This morning I woke early, even after so little sleep as I spoke the night into darkness with one of my closest friends.  Her father has just passed away and the reflections it has offered us both have been so profound.  Death has a way of doing that.  Of reminding us of our fragility and the inevitable demise of all that we know. Losing a parent is even more of a severe reminder of our “humanness”.  We are living in an era that loves to forget we are from the animal kingdom. We view everything from an anthropocentric lens, and by placing ourselves as kings of the world, we continue to strive for domination over the laws of nature.  We even attempt to do this in so called spiritual practices, as if we can cocoon ourselves against the dangers of attachment, the pain of falling in love and the cycles of our own bodies.  But they are Her laws and She is firm with her teachings.  We must each experience grief.  When a parent dies, one of our physical anchors to our ancestry is cut. Our parents place us in the natural order of life.  They were here on earth when we weren’t. And at some point, if we are lucky, we will be here when they are not. What remains is a void. As memories fade and portals into believing can potentially open.  Believing that there is more than what can be seen.  Otherwise why do we stand in the kitchen talking with an invisible mother or father.  Actually hearing the answers?

So this morning, I made the effort to do what I know will set me up for the day ahead. And that wasn’t rolling out my yoga mat and going through a series of postures to “quieten my mind.” No, it was something much more tangible, much more earthly – I just went for a run. I ran along the Thames as the sun slowly rose above the line of oak trees and mist rose from the river, almost pulling up the tidal waters of the river. Early morning in London and the birds have reclaimed the streets. Their songs override all else, and even the people join them becoming momentarily Northern as they greet good morning to one another. Perhaps we notice each other more when there are not so many of us? I love to run. And no…I’m not “running away” from anything, as those who are averse to running and prefer just to sit often argue.  When I run the elements consume me. The cold fresh air submerges my lungs. The land seems to ground my bones. The dew from the morning grass soaks through my shoes, and my senses are enlivened by the wonder of the world. This morning a wire fence shimmered with glistening spider’s webs which hung heavy with water.  Rowers skimmed over the surface of the river as we smiled at one another – sharing in the magic of the morning. Grateful to have another day to live.  Whenever we “make the effort” even if it is just as simple as waking up an hour early in order to set ourselves up for the day ahead (in my case a seventeen-hour flight across the globe) then we give ourselves a helping hand – a mini confidence boost that we can take care of ourselves and that this feels good. Every time we make the effort to acknowledge and connect to the land, to listen to it – even if it is simply crossing the road and glancing up at the passing clouds, or pausing under a loyal tree, and pondering on what life it might have witnessed, then we receive a suitable reminder of our place in the complex weaving into which we are tightly woven.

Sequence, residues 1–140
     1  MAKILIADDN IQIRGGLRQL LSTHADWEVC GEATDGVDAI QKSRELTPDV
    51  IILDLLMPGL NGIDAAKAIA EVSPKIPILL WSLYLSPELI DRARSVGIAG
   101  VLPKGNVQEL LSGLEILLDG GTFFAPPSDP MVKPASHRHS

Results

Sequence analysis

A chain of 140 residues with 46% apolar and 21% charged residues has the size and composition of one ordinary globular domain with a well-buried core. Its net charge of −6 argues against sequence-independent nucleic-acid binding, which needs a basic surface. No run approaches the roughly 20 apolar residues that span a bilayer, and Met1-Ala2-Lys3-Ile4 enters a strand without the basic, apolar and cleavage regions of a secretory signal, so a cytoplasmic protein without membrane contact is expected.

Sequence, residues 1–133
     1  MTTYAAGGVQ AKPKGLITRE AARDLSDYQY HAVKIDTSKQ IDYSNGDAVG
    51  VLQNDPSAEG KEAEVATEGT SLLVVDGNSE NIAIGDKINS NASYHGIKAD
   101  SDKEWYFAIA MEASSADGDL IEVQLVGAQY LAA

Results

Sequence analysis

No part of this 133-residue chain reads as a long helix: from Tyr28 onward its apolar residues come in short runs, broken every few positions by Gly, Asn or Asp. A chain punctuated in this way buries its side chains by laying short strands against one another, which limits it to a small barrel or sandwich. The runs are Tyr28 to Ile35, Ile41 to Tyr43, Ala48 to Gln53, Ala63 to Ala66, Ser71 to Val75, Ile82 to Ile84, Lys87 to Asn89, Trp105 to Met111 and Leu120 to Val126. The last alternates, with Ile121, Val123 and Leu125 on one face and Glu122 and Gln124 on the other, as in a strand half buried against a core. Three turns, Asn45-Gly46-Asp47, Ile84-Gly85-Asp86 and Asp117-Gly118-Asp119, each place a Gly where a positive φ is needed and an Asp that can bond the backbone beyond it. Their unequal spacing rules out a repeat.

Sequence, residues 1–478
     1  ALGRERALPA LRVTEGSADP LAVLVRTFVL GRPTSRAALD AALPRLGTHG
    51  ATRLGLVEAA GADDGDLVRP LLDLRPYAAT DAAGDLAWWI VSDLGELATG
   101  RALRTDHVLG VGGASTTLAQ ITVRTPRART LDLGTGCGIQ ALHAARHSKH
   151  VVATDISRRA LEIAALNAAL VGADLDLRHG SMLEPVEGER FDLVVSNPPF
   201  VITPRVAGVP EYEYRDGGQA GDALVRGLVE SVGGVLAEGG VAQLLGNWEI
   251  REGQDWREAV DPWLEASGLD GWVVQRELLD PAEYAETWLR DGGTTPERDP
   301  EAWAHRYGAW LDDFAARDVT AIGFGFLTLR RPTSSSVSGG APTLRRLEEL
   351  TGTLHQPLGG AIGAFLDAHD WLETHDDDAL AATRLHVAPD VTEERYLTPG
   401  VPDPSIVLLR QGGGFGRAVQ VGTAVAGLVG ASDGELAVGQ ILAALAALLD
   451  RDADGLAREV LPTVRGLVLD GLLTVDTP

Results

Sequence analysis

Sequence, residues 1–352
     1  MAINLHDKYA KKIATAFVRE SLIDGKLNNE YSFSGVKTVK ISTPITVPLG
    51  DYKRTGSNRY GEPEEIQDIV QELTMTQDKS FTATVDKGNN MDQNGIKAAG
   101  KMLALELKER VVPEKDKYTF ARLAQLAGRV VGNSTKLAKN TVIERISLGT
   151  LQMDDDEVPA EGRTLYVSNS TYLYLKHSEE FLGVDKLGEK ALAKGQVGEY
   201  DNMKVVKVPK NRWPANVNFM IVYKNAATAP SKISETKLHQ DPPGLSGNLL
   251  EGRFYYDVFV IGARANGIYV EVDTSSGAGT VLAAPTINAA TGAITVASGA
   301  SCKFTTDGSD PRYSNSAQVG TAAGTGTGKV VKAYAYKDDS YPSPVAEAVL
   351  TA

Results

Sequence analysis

For many of us, this necessitates letting go of much of what we have learnt is important. It means revaluating what are our true priories, and many times stepping into the unknown to learn more about the complex nature of our personalities. It also means being our own best friend. Some of us are so marvellous at being our own worst enemy, and listening to the little voice within that may constantly question everything.  This inner critic can be particularly fierce just before we bleed, and whilst it often holds elements of truth it can leave us in floating in a wind of depression.   I have personally found that committing to a daily practice which is tuned into how I actually feel that day and which is respectful of where I am at in my menstrual cycle really sets me up to make wise choices throughout the rest of the day. An embodied practice – ideally one that can be done outside, rather than within four corners and dare I say it lined up on yoga mats – is a way for us to naturally press the reset button and to physically unwind.  By releasing tension in our body and actively drawing in the vital energy through the soles of our feet, our eyes and breath then we support a healthy mind-set.  Emotions that perhaps we felt were overwhelming, or couldn’t even feel at all due to prioritising a crushing work schedule or draining relationship, no longer risk pushing us off the precipice.  If we give ourselves permission to feel and to be present with our breath, body and natural surroundings then we can open up to the most incredible states of awareness complete with guiding insights as to where we can be in most active and effective service.  To spend as much time in nature as possible is of course a huge gift and for many a distant reality.  Yet even in the middle of a city, flowers find a way to sprout on the pavements, trees appear on street corners, birds still inhabit the skies and perhaps even the odd fox is roaming the parks. If we are able to stray further a field, take a weekend out and resurrect our long lost tent in on a moor, next to a lake or by a river and sleep on the land, our soul can take a sigh of relief.  “She’s remembering”, you might here Her say. “She’s Listening”.  I was recently told that the three main components of healing are community (sanga), devotion (bhakti) and deep rest (nidra). Nature gives us all we need to tap back in and refuel. And the beauty is, that we don’t even need to do a thing.